Book Review: The Baker’s Daughter by Sarah McCoy

January 24, 2012 book review 7

Elsie Schmidt is 16 years old and the youngest daughter of a baker in Garmisch Germany.  The year is 1944 and the Third Reich and Hitler rule Germany.   While war is everywhere Elsie and her family are kept safe by an older well connected soldier who has feelings for Elsie.  Her older sister,Hazel, was engaged to another soldier and has a son from that relationship.  She now lives and has children in the Lebensborn program, imagine a sanctioned place for sex to create a perfect Aryan nation, she has also had twins. 
One Christmas Eve changes everything for Elsie.  She went to the first adult party and dance of her life, and while she should have been enjoying her new dress and date, the evening was marred by the actions of a brutal Nazi officer.  Elsie returned home very shaken up that night, an engagement ring on her finger, and she discovered a shocking surprise behind her home……….
In El Paso TX Reba Adams is a journalist searching a unique twist on a Christmas feature she’s writing.  The year is 2007. Her search for traditions around the world lead her to Elsie’s German Bakery.  Reba feels her own life is upside down.  She’s engaged to Riki, a border patrol officer, she’s running from her own family past, and she’s certain El Paso is not where she wants to settle.  Reba finds much more than her story when she meets Elsie and her daughter Jane.

This book is really the story of Elsie and Reba, two young women, separated by 63 years, but facing similar life altering choices in their lives.   I fell in love with Elsie immediately, her heart so pure, so honest and always thinking of her family and how each  move she makes will impact them.  She grows up so quickly, because of the war, because of her situation, and her childhood is over.  She adores her parents, and she keeps their traditions and the art of baking close to her. 
Loving Reba was only a little harder.  Her young life wasn’t easy, and she didn’t have that strong family support system to lift her up.  I think I wanted her to question her life with Riki less, but of course Sarah McCoy knows how to weave this story, and I should never have doubted her.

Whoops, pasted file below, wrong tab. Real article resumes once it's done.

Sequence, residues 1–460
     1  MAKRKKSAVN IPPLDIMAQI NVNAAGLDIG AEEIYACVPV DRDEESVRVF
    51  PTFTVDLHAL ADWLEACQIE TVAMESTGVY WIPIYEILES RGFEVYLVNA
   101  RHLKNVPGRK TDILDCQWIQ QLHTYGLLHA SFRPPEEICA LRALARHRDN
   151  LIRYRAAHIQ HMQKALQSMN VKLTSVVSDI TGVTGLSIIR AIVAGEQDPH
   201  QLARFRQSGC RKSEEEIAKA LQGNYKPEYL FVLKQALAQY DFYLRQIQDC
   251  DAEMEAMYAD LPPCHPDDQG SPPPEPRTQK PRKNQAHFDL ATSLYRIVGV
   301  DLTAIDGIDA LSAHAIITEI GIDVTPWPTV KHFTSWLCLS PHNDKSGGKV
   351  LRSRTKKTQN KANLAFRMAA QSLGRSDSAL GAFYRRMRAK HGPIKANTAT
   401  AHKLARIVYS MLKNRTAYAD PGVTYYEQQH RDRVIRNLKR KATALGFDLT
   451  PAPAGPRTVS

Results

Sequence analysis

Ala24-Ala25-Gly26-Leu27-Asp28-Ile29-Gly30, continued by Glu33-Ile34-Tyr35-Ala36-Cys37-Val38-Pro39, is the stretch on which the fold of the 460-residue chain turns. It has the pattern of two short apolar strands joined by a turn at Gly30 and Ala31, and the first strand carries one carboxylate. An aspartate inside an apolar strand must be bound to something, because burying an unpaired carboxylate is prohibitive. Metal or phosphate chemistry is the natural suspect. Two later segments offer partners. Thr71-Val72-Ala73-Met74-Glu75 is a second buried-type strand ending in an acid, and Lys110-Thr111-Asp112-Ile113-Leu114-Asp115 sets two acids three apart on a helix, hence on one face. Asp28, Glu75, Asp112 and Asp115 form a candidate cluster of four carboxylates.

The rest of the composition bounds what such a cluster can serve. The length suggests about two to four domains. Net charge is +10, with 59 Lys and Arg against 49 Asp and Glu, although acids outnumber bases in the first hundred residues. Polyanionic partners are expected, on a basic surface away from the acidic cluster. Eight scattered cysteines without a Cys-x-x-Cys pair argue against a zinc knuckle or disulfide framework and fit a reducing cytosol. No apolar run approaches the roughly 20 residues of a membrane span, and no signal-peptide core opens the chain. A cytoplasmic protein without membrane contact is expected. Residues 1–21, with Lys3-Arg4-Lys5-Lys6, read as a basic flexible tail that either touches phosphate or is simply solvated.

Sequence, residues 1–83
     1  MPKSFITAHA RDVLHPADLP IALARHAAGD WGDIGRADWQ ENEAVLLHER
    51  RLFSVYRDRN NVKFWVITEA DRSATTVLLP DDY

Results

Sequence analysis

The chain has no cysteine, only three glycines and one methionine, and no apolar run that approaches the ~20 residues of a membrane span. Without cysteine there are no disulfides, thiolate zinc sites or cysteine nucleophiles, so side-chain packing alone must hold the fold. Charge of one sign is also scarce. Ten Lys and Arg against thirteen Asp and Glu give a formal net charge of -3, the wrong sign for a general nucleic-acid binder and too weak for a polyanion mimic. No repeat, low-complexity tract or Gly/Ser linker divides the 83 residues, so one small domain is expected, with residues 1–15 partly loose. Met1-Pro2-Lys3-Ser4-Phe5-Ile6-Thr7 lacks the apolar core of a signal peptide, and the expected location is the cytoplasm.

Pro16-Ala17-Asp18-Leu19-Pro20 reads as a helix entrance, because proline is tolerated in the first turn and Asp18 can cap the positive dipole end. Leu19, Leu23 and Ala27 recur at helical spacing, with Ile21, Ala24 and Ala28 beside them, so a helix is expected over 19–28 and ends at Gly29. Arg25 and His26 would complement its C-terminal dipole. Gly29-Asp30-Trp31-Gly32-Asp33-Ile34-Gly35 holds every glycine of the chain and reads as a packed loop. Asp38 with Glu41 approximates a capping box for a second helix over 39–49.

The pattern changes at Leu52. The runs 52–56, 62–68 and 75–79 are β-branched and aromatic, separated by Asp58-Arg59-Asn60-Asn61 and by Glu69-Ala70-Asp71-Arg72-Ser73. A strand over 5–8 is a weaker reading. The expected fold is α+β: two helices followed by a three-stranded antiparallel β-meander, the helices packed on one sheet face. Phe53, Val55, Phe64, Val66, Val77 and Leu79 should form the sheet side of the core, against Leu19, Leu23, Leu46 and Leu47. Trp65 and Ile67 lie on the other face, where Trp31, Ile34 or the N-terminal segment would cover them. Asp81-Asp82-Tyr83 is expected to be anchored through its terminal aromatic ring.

Trying to give a synopsis of this book is not easy, and yet I want to put it into my own words.  Simply put this book is beautiful and heart breaking.  The back and forth in the story is done so very well.  I was excited to read each story, anxious to see how they would progress, and eventually intertwine.  The historical research is accurate and so strikingly frightening. 

I “met” Sarah McCoy on twitter, chatting with other authors.  I instantly wanted to get to know her better.  I purchased her first book, The Time It Snowed In Puerto Rico, and loved it.  We continued to chat and our friendship has just grown.  I must say this second novel far exceeded my expectations, I won’t soon forget these characters and their story. 
I’ve given this book 4.5 out of 5 stars, and if you love history, love stories, or a story of love over hate, this book will stir in your heart for  a long time. Today is the launch day for this book, and it’s available everywhere, and in ebook too.  Please visit Sarah McCoy’s website, you can also find her on facebook and on twitter at @SarahMMcCoy
I was able to read an ARC e-galley via Edelweiss, thank you so much Crown for this opportunity.

7 Responses to “Book Review: The Baker’s Daughter by Sarah McCoy”

  1. Sandy Nawrot

    I’m on the TLC tour for this book (I’m sorta anti-tour but that Trisha is hard to turn down!) and am only about 25 pages into this one. I’m so glad to hear it holds up, and I’m anxious to dig into it. If I could just sit down.

  2. Zibilee

    I really think this one sounds excellent, and like something that I would really like. I am glad to hear that it had such a profound impact on you and that you loved it so much! Great review today, Anita!

  3. Anita

    You are the Queen of book reviews, Anita! I wish I had time to read’em all. 🙂

    Some day… maybe when my nest begins to empty.

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